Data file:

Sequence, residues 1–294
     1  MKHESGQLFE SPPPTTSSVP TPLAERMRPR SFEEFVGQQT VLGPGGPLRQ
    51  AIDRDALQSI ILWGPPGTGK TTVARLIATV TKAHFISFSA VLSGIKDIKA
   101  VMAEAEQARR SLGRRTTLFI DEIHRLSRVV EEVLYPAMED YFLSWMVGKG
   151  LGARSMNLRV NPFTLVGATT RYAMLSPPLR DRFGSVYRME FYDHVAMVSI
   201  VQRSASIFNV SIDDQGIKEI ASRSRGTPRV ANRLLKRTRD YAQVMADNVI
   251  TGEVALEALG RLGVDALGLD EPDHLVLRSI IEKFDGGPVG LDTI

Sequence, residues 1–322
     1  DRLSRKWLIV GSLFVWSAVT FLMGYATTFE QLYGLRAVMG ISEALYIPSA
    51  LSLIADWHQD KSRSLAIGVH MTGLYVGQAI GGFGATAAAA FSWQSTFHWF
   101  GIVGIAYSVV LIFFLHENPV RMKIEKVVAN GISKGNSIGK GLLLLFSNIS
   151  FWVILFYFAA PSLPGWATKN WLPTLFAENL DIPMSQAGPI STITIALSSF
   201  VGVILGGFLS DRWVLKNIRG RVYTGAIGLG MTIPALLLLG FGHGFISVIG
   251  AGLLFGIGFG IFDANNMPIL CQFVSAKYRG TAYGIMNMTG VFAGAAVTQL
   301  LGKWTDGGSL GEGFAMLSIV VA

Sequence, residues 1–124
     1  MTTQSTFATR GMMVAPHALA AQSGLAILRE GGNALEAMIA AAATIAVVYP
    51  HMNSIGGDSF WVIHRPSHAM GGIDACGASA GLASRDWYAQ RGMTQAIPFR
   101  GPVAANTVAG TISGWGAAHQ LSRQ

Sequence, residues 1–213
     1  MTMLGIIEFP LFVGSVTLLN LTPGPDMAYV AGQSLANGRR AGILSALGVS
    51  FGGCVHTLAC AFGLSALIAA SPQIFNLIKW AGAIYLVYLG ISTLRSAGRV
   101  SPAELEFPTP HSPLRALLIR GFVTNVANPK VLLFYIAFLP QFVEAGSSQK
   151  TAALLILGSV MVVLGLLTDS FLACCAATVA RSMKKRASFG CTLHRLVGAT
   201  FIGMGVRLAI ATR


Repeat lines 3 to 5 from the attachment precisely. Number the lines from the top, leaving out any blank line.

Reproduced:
    51  AIDRDALQSI ILWGPPGTGK TTVARLIATV TKAHFISFSA VLSGIKDIKA
   101  VMAEAEQARR SLGRRTTLFI DEIHRLSRVV EEVLYPAMED YFLSWMVGKG
   151  LGARSMNLRV NPFTLVGATT RYAMLSPPLR DRFGSVYRME FYDHVAMVSI